What does it mean to be an academic? To be an academic working in environmental law? One part of our multi-faceted role is what I am calling “public service”—trying to make our small portion of the world a slightly better place. Public service is difficult. Its demands, however, are rather similar to those we face in our broader academic life.
We serve the public throughout our job description, whether pursuing knowledge for its own sake, or helping others learn to think deeply and critically. But I am concerned with efforts to use academic knowledge and expertise to do good beyond the university. I have been reflecting on my experiences in post-Brexit environmental governance (working with NGOs, appearing before Select Committees, talking to civil servants and other participants in this debate). The sheer emotional and intellectual labour of public service should not be underestimated.
We face four striking challenges when we move beyond the university. First, we must largely expect to do this work without credit. Not because other people are cheating us of our just desserts (although that happens), but because public service is genuinely collaborative. Our contribution as academics is small, inseparable from the expertise of other individuals and groups, and from their relationships with other allies and antagonists. And our contributions are tied to our broad disciplinary expertise and our life experience, our ability to form relationships and to build trust—not necessarily to specific publications.
Taking credit matters in academic life, not for its own sake, but because we are expected constantly to perform our achievements for measurement (for Research Excellence Frameworks and Teaching Excellence Frameworks, for promotion). Collaborative public service fits uncomfortably into this culture.
Second, working with unfamiliar audiences demands fresh skills, and can challenge the ways we understand our own expertise. I have been fortunate to work with some talented and generous people, and building trust among a community is the same anywhere. But we are outsiders, and we may face difficult moments.
Third, we need to find a way to continue to be truthful to our own expertise. There is often a tension between rendering our expertise accessible, and insisting on the legitimacy of its complexity, a tension between influence and (if not truth) perhaps an acceptable form of completeness. Similarly, where do we place the limits of our expertise? When do I speak as an expert, when do I speak as a lay person? We might push our expertise out of an instinct to be useful, out of ego, or because we are fully politically committed to an issue.
And fourth, we necessarily enter the broader debate about the relationship between scholarship and advocacy or activism. Maintaining a clear divide between our research or scholarship and advocacy might seem to be the provisional answer to the dilemma—but such clear divides are rarely sustainable, and environmental lawyers more than anyone understand that placing our “selves” in our scholarship is inevitable.
These challenges are genuinely difficult, and are especially visible in public service. But importantly, they demand the same sort of intellectual integrity as our broader academic lives. Whether teaching, researching, or working beyond the university, we have the same obligation to work with fairness and honesty. In all parts of our work, we should strive to be even-handed, open-minded and self-critical, even as we recognise the elusiveness of objective expertise. And most of our work involves somewhat public commitments, with the same risk of being overly committed to earlier claims as in public service. Being able to change our minds, and to be wrong with some grace, is an important academic quality—elusive, and hard to pull off, but important.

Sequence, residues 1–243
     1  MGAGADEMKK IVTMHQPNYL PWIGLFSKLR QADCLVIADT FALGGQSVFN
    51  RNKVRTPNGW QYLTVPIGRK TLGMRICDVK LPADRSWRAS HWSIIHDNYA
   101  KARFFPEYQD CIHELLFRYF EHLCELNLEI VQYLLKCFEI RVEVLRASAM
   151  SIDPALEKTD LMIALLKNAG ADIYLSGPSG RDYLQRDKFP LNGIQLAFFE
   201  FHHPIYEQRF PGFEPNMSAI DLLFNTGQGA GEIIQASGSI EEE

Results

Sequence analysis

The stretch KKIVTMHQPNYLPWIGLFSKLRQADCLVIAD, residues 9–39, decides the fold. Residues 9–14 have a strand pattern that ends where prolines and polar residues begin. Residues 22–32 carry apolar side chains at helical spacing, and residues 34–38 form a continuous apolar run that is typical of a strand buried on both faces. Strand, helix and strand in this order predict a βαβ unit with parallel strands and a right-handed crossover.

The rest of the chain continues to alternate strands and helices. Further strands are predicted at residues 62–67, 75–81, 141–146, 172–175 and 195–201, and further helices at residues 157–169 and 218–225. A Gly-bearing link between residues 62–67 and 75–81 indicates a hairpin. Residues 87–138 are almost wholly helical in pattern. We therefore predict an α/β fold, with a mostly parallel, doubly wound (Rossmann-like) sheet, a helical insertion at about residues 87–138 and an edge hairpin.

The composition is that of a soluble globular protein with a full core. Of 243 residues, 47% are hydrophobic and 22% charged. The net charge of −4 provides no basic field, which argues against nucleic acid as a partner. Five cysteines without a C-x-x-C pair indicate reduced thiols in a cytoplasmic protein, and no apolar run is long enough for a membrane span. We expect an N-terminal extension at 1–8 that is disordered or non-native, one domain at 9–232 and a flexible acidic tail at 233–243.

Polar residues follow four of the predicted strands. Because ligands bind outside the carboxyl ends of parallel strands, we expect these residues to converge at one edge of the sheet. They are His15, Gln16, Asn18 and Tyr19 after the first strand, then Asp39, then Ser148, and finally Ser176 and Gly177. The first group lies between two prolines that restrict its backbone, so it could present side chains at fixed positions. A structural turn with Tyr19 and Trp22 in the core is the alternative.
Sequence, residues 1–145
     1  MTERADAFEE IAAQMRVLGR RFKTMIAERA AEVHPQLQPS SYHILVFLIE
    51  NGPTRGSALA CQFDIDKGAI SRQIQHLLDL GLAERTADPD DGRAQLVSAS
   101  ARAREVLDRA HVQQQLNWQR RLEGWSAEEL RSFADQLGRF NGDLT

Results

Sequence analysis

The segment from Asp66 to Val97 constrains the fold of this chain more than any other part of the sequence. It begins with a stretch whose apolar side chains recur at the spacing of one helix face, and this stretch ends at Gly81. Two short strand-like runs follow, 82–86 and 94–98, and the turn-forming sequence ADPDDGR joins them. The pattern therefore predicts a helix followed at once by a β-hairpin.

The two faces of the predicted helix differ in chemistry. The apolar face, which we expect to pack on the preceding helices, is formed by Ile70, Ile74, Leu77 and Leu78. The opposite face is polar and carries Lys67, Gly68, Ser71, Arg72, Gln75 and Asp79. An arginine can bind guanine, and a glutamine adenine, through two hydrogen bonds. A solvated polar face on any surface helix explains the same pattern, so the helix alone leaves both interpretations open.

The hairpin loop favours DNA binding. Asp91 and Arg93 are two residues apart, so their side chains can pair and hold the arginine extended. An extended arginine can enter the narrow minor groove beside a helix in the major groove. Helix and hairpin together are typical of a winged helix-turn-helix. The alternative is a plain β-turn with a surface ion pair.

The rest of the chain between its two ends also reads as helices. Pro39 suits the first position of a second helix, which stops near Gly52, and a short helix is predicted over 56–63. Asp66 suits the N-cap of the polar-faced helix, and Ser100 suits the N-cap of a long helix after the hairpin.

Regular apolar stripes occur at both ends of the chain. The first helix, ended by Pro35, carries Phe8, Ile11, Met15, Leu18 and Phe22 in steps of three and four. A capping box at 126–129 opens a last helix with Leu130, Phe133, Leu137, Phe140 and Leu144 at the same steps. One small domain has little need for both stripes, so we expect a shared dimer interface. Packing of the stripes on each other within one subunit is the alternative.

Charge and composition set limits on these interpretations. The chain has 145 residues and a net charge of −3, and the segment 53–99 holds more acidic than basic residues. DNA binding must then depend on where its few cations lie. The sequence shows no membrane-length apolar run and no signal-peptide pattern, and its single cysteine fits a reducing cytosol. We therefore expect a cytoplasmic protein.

Time is short, and we need be conscious of where we put our energies. So why do public service? Why undertake this challenging work, which doesn’t fit neatly into established categories of institutional reward? Most obviously, because we have something to offer. Legal scholars are able to subject sets of related issues to sustained focus, without having constantly to respond to the latest crisis, the latest legal development or the latest demand from a client. This persistence gives us, at our best and not uniquely, a depth of analysis that is set firmly within an understanding of the broader institutional context. We should also bring a level of independence to the table. Even if we recognise that academic work cannot be entirely above the political fray, being able to speak only for ourselves, rather than for a group or constituency, is an enormous privilege.
More personally, working outside the university can be rewarding and enjoyable, learning from new experiences and talented new people. With luck, we have the satisfaction of a job well done. But a moral imperative of service is probably the ultimate driver. This is not to say that we should all be desperately engaging all of the time; public service might be what Richard Watermeyer calls a “workload extravagance.” We can only afford a workload extravagance at particular stages of our lives and careers, with the right sort of institutional support, and for things we care about very much.
Sustained public service is difficult, but it is also potentially rewarding. Importantly, it is not so different from all of the other parts of our academic life, demanding basic qualities of scholarly integrity.
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